GC hits back at APPG’s “not fit for purpose” claim
The British Gambling Commission has struck back at an All-Party Parliamentary Group (APPG) report which said it was “not fit for purpose”, dismissing the claims levelled at the regulator as “untrue”.
The APPG on Gambling Related Harm published its final report on online gambling yesterday, calling for strict new controls including a total prohibition of advertising and banning in-play betting online.
In addition, the APPG renewed its criticism of the Commission from an interim report released in November 2019 and called for a review of its capacity to regulate online gambling.
“It is our view that the Gambling Commission is not fit for purpose and we recommend an urgent review of the Gambling Commission and its capacity to effectively regulate the burgeoning online gambling industry,” the APPG said.
“The Government must commit further and more flexible funding for the Gambling Commission to enable it to cope with the growth in its responsibilities and there must be rigorous oversight as to how this is money is spent.”
However, the Commission – as it did in November 2019 – dismissed this criticism and pointed to some of the limits it has introduced, such as the credit card ban in April, as well as its ongoing work with industry working groups, as examples of how it has provided a check on the industry.
“We are committed to drastically reducing gambling harm and it is untrue to say that we are not fit for purpose,” it said. “We are making gambling safer through programme of tough enforcement and compliance activity and in the last two years we have strengthened protections including online age and ID verification, customer interaction, and in April we banned gambling on credit cards.
“Our recent work with the industry has seen strengthened online advertising rules to better protect vulnerable groups and later this week we will open a consultation on VIP practices. We will shortly be opening consultations on safer game design, along with further customer interaction measures including reverse withdrawals, which follows our strengthened guidance to operators as a result of novel coronavirus (Covid-19).”
In February, the National Audit Office (NAO) concluded that the Gambling Commission is “unlikely to be fully effective in addressing risks and harms to consumers” due to the funding disparity between the regulator and some of the businesses it regulates. The Commission said it is working with the Department of Culture, Media and Sport (DCMS) in order to address this funding issue.
“Earlier this year we welcomed the NAO’s assessment of Gambling Regulation and are pleased it recognised our work in making gambling safer. That report also recognised that we face the significant challenge of regulating a dynamic and developing industry. It also underlined the constraints that our current funding arrangements presents and we are currently working with DCMS to address our fees structure.”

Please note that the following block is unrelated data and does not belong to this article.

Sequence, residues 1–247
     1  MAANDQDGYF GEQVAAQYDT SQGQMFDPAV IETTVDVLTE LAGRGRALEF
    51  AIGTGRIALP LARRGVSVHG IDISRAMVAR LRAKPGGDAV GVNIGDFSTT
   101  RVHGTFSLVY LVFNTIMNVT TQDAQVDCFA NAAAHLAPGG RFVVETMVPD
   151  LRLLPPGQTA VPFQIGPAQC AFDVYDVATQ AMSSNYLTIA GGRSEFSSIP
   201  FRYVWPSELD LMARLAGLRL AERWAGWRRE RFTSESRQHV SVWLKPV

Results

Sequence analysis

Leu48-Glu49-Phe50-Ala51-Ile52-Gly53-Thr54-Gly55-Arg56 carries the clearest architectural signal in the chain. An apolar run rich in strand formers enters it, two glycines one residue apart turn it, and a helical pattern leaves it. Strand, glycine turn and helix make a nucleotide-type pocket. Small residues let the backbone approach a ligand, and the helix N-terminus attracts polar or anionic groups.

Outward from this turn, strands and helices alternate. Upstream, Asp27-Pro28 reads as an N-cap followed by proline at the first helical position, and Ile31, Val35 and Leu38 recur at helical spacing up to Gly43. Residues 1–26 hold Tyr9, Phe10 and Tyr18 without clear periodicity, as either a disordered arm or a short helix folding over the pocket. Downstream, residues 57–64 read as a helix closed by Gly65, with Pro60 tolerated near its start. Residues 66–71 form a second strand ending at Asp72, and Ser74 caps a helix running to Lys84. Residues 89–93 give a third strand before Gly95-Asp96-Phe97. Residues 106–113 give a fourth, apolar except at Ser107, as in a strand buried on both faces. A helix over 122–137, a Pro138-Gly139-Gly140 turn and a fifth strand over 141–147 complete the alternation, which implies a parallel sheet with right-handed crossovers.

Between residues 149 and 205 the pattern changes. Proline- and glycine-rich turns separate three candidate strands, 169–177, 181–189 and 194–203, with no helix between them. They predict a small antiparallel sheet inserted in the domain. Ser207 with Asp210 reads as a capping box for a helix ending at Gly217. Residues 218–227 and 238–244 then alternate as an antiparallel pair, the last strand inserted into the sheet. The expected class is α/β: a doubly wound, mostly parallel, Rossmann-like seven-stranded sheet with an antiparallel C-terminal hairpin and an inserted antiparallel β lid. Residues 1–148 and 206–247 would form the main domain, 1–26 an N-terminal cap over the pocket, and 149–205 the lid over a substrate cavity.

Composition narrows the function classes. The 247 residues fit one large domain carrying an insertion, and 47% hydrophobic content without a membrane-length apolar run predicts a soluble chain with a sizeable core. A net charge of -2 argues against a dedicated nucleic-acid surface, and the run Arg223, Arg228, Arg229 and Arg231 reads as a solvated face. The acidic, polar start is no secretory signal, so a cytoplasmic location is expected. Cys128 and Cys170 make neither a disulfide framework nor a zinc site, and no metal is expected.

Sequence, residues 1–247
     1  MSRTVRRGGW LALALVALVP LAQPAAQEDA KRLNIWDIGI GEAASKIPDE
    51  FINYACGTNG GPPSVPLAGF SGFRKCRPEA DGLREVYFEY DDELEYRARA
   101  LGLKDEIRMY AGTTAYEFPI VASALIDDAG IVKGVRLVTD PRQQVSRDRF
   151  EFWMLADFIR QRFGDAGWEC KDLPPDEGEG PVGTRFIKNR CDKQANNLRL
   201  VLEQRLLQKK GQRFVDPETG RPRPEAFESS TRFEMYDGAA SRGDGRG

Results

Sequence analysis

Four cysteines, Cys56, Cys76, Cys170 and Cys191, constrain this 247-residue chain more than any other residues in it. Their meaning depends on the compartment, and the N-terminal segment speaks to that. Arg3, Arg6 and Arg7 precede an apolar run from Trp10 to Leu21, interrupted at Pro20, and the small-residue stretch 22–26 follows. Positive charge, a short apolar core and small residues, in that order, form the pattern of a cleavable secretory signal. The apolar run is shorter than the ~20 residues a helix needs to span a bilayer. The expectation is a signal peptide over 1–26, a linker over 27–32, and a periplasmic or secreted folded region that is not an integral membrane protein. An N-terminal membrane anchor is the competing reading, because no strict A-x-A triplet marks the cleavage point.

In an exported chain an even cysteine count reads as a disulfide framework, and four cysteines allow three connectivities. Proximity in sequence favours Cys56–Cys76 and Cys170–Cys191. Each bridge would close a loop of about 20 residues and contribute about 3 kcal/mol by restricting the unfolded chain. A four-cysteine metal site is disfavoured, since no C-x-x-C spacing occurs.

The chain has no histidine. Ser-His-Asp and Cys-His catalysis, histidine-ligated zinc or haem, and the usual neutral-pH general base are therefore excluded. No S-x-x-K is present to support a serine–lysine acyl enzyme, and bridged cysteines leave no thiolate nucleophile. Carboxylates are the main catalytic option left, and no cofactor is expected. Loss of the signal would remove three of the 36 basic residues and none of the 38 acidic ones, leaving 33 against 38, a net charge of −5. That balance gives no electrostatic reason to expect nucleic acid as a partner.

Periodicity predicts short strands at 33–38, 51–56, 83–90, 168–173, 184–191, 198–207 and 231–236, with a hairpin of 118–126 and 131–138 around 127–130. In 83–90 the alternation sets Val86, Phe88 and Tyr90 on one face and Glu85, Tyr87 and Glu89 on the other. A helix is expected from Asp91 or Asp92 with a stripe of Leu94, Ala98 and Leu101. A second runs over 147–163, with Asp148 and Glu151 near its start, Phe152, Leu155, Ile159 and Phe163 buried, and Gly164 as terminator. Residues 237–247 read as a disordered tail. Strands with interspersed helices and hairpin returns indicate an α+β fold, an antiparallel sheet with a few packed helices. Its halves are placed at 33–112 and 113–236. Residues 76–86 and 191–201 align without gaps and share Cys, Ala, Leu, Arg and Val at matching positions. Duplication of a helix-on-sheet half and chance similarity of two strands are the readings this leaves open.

Meanwhile, industry body the Betting and Gaming Council pointed to its own record of introducing changes to boost player protection, such as the commitment of its five largest members to spend £100m (€111.4m/$125.4m) on improving treatment services for problem gamblers in the UK, announced yesterday.
“Since the BGC was formed as the standards body last year, we have driven a number of significant changes across the industry – from advertising restrictions, encouraging deposit limits, monitoring play and spend so we can intervene to prevent customers getting into difficulties, closing online accounts, introducing strict new ID and age verifications, implementing the ban on credit cards and massively increasing funding for research, education and treatment,” a BGC spokesperson said.
“We are committed to making even more changes and to driving up safer gambling standards further, and we look forward to working with the Government on their forthcoming Review.
However, the spokesperson added that they felt some people would not be happy until gambling was prohibited and warned that overly strict measures may lead to players moving to unlicensed operators.
“There will always be people who are anti-gambling and prohibitionists who are not interested in the fact the regulated industry supports over 100,000 jobs and pays over £3 billion in tax,” the spokesperson said.
“But we have to avoid measures that could drive people away from gambling safely with online companies who operate in what is rightly already a heavily regulated market, to instead gambling online with unregulated, offshore, black market, illegal operators that don’t conform to any standards or safeguards to protect problem gamblers and the most vulnerable”.
Despite the response from the BGC and Gambling Commission, polling by those pushing for regulatory restrictions claims the general public appears to support for the measures set out by the the APPG. A poll commissioned by Clean up Gambling, a new advocacy group for gambling regulatory reform founded by Matt Zarb-Cousin and Derek Webb, found that 43% were of the opinion that there were insufficient safeguards currently in place in gambling.
In addition, deposit limits were supported by 82% of respondents, with 44% calling for a limit of £49.99 or less. Meanwhile, 55% called for a limit of £4.99 or less on individual stakes.